In [Derekh HaShem 3.4.11], Moshe Chaim Luzzatto (Ramchal) validates the vision by Mikayahu of G-d fooling Achav with lying spirits in [1 Kings 22:22-28] as true.

If HaShem knows trust in humans is difficult why send רוּחַ שֶׁקֶר to test אַחאָב Achav, instead of a ruach emet to inspire the majority opinion of Israel’s council? If HaShem cannot lie [Bamidbar 23:19] why does G-d send angels to lie for Him [1 Kings 22] instead of always sending messages we can trust?

  • Are we to understand from [1 Kings 22] : G-d does not want our choices to be based on future events, since we can never trust which predictions are His test?
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    To help further clarify, does He need it as opposed to what? Lying Himself?
    – Rabbi Kaii
    Apr 4, 2023 at 12:18
  • @RabbiKaii - In [1 Kings 22:22] HaShem clearly knew Achav was influenced by majority opinion from His council in Yisrael. — Previously HaShem reveals that He does not desire to lie [Shemot 20] and cannot lie [Bamidbar 23]. — Instead of desiring any ruach emet to be His representative to guide majority opinion of Achav in [1 Kings 22:22], HaShem now reveals to Micaiah that although He cannot lie & does not desire lies, He still needs humans to lie for Him? Apr 4, 2023 at 12:56
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    Very good question! Thanks for bringing it
    – Rabbi Kaii
    Apr 4, 2023 at 13:06
  • As far as I know, the only times Hashem "spoke" to us is face to face with Moshe, or the first two diborot. Are you talking about that kind of talking or do you mean in dreams and visions as well?
    – Rabbi Kaii
    Apr 5, 2023 at 9:08

1 Answer 1


I think I see where you are going with your question. However, there does not seem to be support that Hashem is contradicting Himself in this. What's actually happening appears similar to midda k'negged midda. The prophets who gave Achav the false prophecy were deliberately trying to procure a false prophecy from shamayim. This is a power available to false prophets, see Derech Hashem 3:4:10. This power is available because Hashem tests us with false prophets (Devarim 13:4).

The prophets were trying to gain faith from Achav by saying what he wanted to hear so they deliberately tapped into actual prophecy, but from the impure forces of prophecy that are available as we stated above. This created a debate in shamayim and a certain lying spirit called Nabot appeared before Hashem and asked if he could punish Achav by seducing him to his death in battle and Hashem agreed. The seduction was accomplished by the lying spirit that was put into the mouth of Tzidkiyah (see Sanhedrin 89a), which fooled him to say what he believed to be true (so he wasn't "lying"), but was actually false - that Achav would be triumphant in the battle and he heard it from God (Micaiah simply said that he will be triumphant, not that he heard it from God).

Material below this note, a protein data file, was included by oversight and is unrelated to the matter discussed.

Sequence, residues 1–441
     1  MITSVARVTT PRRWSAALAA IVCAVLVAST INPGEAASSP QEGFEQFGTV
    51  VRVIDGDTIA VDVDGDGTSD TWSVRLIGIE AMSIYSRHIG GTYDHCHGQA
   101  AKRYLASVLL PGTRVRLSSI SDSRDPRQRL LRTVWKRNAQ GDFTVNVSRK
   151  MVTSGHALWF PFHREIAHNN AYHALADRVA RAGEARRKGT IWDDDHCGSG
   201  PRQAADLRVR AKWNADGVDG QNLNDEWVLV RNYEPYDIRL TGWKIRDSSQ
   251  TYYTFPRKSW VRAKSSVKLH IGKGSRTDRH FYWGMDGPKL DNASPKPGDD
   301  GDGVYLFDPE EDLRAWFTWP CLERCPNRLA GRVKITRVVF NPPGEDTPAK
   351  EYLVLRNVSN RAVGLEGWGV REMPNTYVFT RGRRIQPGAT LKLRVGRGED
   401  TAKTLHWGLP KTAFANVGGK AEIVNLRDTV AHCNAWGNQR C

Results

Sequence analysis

So, this doesn't show that God needs man to lie because He said He wouldn't/can't. In fact, it appears that no man is lying here and God approved of this lie through this "lying spirit of Nabot" i.e. you could basically say that God is doing the lying here Himself (this is what an angel is - a faithful messenger of Hashem's word), and the reason Hashem does that is, as we have discussed above - false prophets are a test, and in this case it seems it is a test provided along lines akin to midda k'negged midda. Achav clearly didn't want to hear the truth, jailed Micaiah for always speaking it, and also all his prophets were trying to lie to him on purpose.

See Derech Hashem 3:4:11 for a full discussion of this event.

  • The problem with: “you could basically say that God is doing the lying here Himself” is it establishes the logic that Bilaam is false in [Bamidbar 23:19], and Mikaiahu is revealing new truth about HaShem in [1 Kings 22:22-28] that G-d can speak lies… so, Does G-d lie or need humans to lie for Him? Apr 5, 2023 at 0:21
  • @חִידָה what is the difference between what you just asked and the case of Hashem sending a fake message to Tzidkiyah? I am having trouble wrapping my head around it.
    – Rabbi Kaii
    Apr 5, 2023 at 0:29
  • The trouble with G-d’s depiction in [1 Kings 22] is knowing when to trust a King that approves of dishonest messages. | Thanks for sharing Derech Hashem 3:4:10 Apr 5, 2023 at 0:37
  • @חִידָה you are welcome and please see 3:4:11 too if you haven't already. Maybe then ask your question again as I am still not quite following (I am finding this all a bit confusing myself!)
    – Rabbi Kaii
    Apr 5, 2023 at 0:42
  • Derekh HaShem helped clarify the potential lesson of 1 Kings 22. - Thank you! Apr 5, 2023 at 2:15

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